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Topic: Karl

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The National, Silver Jews, Radiohead, Plunging Piper the Cat   Printer-friendly page   Send this story to someone
Wednesday, March 22, 2006 - 08:00 AM
Posted by: kbade


THE NATIONAL: Singer Matt Berninger says that the slow-building success of the Alligator album may be due to the band picking the songs that held their interest the longest, which were not the more immediate, catchy o­nes. OTOH, Benninger adds: "The National is not easy to Google. Maybe that's why we're a slow-builder." You can stream three tracks from Alligator at MySpace to see if they grow o­n you.

ARCTIC MONKEYS: Noel Gallagher of Oasis responds to Morrissey's critical comments o­n the sudden success of lads from Sheffield: "It happens when it happens, man, and I would say thank God that it does happen. You'd be a bit of an idiot if you said, 'No, I'm too young for a record deal.'" When bass player Andy Nicholson's instrument failed o­n him in San Francisco, frontman Alex Turner was left to entertain the crowd - and did so by performing a new song, "Despair in the Departure Lounge."

THE ARTIST CURRENTLY KNOWN AS PRINCE is being sued for the purple-hued alterations he made to his rented Los Angeles mansion.

SILVER JEWS: Some friends of frontman David Berman fret about how the reclusive songwriter will adapt to travel and to socializing and performing.

SONDRE LERCHE talks to Billboard about the increased jazz influence o­n his new album, Duper Sessions, which you can stream in its entirety from AOL Music.

THE TWO JOHNS: diw magazine interviews John Vanderslice and the Mountain Goats’ John Darnielle, friends and collaborators who have May birthdays that are just days apart. Yet neither likes to talk about their songwriting -- as Vanderslice explains: "I understand what he means. I don't mind talking about songwriting but, in general, the last thing I want to chat about is indie rock. I would much rather talk about movies or basketball or really anything else. It's all you ever do, so you don't need to dwell o­n it. .."

SEEN YOUR VIDEO: With Tom Jones gettting knighted by the Queen of England a week from today, enjoy a vintage version of "It's Not Unusual" and a later performance of "She's A Lady."

YOU TUBE: The astonishing growth of the viral video site -- now streaming 30 million videos a day -- has put old-guard media empires o­n the defensive, but for every corporate lawyer firing off angry letters to YouTube, there are two more executives exploring potential partnership opportunities -- maybe even an outright acquisition. Sometimes, a media company is doing both.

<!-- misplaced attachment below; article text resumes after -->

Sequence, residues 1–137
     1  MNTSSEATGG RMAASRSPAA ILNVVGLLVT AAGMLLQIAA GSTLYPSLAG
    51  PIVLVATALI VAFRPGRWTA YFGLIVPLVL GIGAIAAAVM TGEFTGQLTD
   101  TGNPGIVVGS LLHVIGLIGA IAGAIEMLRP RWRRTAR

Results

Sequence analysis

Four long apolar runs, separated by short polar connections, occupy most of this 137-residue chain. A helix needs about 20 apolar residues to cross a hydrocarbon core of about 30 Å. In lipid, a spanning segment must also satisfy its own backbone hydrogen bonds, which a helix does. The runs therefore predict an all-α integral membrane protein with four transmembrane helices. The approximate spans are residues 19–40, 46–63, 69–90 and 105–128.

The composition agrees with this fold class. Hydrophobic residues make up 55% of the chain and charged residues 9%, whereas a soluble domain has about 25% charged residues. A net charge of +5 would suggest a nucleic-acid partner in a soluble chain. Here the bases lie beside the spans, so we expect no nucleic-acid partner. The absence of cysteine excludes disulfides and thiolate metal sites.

GOTHS are art lovers, who aspire to middle-class values and will end up in respectable professions, not ticking timebombs, according to a thesis by Dr. Dunja Brill.

CARLOS SANTANA spoke out against Pres. Bush while in Peru: "I have wisdom. I feel love. I live in the present and I try to present a dimension that brings harmony and healing. My concept is the opposite of George W. Bush." Whatever o­ne thinks of Pres. Bush, at least he he does not credit the angel Metatron for his success or employ a guru named "Dr. Dan" to "calibrate the consciousness" of his employees.

AMY MILLAN: The Broken Social Scene continues to extend itself as Millan -- who is also the frontwoman of Stars -- announces a solo album due o­n May 30 in Canada and August 29 in America. The track "Skinny Boy" is currently available as a free download -- just follow the link o­n the Stars page at the Arts & Crafts website.

RADIOHEAD will contribute music to Richard Linklater's adaptation of Philip K. Dick's cult science fiction book A Scanner Darkly. Frontman Thom Yorke -- who may or may not have a solo LP in the works -- says he turned down the chance to discuss climate change with British Prime Minister Tony Blair, preferring to "just shout my mouth off from the sidelines."

PETE DOHERTY UPDATE: The troubled singer serenaded retired boxer Mike Tyson in the bar of a UK hotel. The pair are said to have stayed up talking until dawn. I hope Pete didn't go up to Tyson's hotel room.

TOM-KAT UPDATE: An ad running in Los Angeles, Buffalo, NY and Jackson Hole, WY, blasts Cruise and Scientology for opposing phsychiatric medication. The ad focuses o­n the case of Jeremy Perkins, the schizophrenic son of Elli Perkins -- a senior auditor at the Buffalo Scientology branch. He received vitamins as treatment and stabbed his mother to death. This sort of bad pub, combined with an uneven record at the box office, means a lot rides o­n the success or failure of Mission Impossible 3.

BRADGELINA: I'm not a big Jennifer Aniston fan, but I chuckled over her donating Pitt’s clothes to charity.

JESSICA SIMPSON: Kristin Cavallari (MTV's Laguna Beach) was spotted returning from the new Bel Air mansion of Simpson's future ex, Nick Lachey. Moreover, 80 percent of those writing People magazine side with Lachey in the divorce dispute.

BARBRA STREISAND is doing another farewell tour. She plans to give the Who a run for the farewell market.

SIENNA MILLER: Her big sister has stepped in to insist she takes some time out from her "hectic lifestyle." Isn't a "time out" what parents impose o­n their misbehaving children?

THE BOX OFFICE WINDOW may narrow, but not close, according to studio execs, theater owners and directors like M. Night Shyamalan.